Wet Dry Filter FAQ
One of the most important aspects of keeping an aquarium is filtration. Wet/Dry Filters with Bio-Balls are some of the most debated and popular products sold in fish specialty stores and online. But the question everyone asks is, “Do Bio-Balls and Wet/Dry Filters Work, or am I Wasting My Money?”
About Wet Dry Filters
The answer is, “It Depends” on the application. A Bio-Ball is a small plastic ball with many pores where bacteria can grow to break down ammonia and nitrite. Unfortunately, Bio-Balls are not able to grow anaerobic bacteria that break down nitrate. As a result, an aquarist using Bio-Balls will typically have undetectable ammonia and nitrite, but will have difficulty maintaining low nitrate levels.
How Does A Wet Dry Filter Work?
To better control nitrates and increase filtration, the hobbyist should perform routine water changes, implement a sand bed, live rock, or refugium filtration system, or add a protein skimmer in combination with the Wet/Dry Filter. It is also necessary to keep the Bio-Balls from clogging with detritus, as this can hinder their ability to filter; this also goes for Bio-Wheels. In a typical Wet/Dry Filter or Bio-Tower, place a pre-filter or filter sock before the Bio-Balls to collect the detritus. Replace and clean the filter pad as it becomes dirty.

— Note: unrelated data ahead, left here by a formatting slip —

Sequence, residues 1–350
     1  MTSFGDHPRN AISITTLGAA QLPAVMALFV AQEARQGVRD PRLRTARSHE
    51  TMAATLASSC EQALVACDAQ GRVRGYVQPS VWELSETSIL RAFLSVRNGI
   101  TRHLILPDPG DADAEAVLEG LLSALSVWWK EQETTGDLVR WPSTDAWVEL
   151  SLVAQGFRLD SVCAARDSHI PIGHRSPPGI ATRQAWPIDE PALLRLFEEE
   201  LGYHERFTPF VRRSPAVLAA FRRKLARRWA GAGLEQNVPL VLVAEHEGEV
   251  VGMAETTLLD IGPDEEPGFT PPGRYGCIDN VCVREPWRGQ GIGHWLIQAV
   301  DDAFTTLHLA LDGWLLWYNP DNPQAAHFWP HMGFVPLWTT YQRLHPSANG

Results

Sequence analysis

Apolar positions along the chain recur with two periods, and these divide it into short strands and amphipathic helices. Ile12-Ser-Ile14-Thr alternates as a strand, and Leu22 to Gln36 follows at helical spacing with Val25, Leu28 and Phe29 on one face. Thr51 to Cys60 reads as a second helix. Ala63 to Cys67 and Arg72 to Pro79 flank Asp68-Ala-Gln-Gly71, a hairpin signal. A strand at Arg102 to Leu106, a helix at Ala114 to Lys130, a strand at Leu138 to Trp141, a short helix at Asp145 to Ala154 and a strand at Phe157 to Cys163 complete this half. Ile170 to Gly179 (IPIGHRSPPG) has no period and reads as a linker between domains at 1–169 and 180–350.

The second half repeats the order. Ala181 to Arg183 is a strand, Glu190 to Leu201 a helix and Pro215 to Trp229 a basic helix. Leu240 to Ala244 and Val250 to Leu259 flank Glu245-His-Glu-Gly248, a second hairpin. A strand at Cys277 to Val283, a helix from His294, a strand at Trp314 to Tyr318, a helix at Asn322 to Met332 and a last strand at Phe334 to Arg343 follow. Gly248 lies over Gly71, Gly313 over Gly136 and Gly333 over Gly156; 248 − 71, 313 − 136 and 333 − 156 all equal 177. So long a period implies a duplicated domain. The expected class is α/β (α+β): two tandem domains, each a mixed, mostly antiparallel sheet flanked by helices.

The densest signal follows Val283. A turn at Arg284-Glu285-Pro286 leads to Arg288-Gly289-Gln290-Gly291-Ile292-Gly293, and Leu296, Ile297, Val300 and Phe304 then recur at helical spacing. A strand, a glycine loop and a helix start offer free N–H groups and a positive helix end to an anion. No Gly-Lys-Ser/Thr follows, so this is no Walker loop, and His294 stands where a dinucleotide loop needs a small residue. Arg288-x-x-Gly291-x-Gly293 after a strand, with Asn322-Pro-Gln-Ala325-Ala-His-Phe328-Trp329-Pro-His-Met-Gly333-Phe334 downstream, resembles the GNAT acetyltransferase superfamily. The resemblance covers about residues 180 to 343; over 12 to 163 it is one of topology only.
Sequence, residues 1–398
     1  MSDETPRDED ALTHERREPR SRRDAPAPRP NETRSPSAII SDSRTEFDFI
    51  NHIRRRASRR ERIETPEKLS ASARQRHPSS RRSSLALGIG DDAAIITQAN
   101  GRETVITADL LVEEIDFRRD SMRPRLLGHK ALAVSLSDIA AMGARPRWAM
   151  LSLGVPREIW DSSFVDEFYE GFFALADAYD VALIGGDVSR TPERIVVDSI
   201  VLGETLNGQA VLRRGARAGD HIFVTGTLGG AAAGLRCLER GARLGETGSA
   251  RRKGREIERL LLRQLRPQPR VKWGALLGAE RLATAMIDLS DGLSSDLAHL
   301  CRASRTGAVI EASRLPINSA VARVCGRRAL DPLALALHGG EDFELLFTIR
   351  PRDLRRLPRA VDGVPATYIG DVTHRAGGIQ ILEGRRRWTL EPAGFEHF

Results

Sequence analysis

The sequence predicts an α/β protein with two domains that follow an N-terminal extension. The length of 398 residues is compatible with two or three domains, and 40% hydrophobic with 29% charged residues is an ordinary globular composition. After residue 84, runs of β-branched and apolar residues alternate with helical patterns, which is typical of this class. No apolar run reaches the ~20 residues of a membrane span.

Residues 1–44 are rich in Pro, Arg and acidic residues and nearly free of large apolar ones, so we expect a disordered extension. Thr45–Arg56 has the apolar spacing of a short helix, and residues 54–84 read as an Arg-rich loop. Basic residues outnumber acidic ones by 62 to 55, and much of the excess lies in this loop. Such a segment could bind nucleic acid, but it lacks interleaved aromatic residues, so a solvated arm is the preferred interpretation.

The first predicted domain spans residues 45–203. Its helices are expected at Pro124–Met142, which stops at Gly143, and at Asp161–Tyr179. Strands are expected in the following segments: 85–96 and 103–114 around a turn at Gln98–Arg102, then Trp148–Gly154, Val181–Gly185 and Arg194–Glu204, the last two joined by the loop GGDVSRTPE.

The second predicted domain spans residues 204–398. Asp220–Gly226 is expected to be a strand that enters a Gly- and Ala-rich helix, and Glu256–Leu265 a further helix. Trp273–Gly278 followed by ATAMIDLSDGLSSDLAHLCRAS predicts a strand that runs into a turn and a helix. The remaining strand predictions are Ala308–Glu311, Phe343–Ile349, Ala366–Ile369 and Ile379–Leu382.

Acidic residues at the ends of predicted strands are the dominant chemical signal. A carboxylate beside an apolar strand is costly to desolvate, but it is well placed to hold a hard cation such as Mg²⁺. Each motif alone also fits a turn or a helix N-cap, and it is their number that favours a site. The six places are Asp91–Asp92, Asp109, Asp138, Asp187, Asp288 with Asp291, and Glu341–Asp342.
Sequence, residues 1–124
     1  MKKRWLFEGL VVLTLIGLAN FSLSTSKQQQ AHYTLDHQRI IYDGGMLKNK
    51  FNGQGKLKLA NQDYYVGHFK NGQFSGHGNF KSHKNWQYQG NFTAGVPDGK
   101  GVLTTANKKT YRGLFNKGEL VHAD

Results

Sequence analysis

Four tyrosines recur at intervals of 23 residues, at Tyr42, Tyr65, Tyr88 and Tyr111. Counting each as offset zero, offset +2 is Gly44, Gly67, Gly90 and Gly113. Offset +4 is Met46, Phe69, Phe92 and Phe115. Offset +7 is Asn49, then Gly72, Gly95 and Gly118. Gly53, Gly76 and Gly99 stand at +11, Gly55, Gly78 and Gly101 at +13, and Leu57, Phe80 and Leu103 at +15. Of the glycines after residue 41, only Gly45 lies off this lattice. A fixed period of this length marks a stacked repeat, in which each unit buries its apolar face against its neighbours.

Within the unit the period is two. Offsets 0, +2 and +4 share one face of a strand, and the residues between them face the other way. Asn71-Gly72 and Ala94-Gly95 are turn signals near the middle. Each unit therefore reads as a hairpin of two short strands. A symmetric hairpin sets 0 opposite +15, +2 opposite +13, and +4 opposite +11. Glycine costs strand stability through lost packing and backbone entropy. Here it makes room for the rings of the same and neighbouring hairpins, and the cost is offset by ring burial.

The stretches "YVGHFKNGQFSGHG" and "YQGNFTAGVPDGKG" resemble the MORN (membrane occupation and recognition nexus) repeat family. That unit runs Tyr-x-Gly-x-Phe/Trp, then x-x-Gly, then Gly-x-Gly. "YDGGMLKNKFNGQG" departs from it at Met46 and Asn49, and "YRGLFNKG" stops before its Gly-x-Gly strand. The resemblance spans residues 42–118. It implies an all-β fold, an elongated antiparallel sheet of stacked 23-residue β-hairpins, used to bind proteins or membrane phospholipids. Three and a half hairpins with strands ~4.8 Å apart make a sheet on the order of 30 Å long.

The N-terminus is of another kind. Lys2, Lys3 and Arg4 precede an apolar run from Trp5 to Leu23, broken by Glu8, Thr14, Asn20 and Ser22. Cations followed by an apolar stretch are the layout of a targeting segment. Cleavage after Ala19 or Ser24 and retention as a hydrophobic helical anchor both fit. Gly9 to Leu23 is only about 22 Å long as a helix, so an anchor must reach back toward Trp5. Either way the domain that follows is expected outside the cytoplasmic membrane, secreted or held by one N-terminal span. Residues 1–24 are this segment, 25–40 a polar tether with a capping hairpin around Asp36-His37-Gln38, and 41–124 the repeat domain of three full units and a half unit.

Keeping the Bio-Balls clean can be a lot of work, why would anyone want to use Bio-Balls? When working properly, Bio-Balls are excellent at breaking down ammonia and nitrate. They can also be used in the sump or overflow box to prevent micro bubbles from entering into the return pump and back into the aquarium. Another alternative to Bio-Ball filtration is Rubble Live Rock filtration. Replacing Bio-Balls with small pieces of Live Rock can provide both aerobic and anaerobic bacteria. That is if the Rubble Live Rock contains pores free of oxygen where anaerobic bacteria can form and break down nitrates. One disadvantage of using Live Rock is it can become clogged more quickly than Bio-Balls, due to the small holes.
Bio-Balls can be a powerful tool in reducing ammonia and nitrites, but should not be the primary source of filtration. Instead, Wet/Dry Filters should be used in combination with another filter source, like a Protein Skimmer or refugium to keep nitrates under control.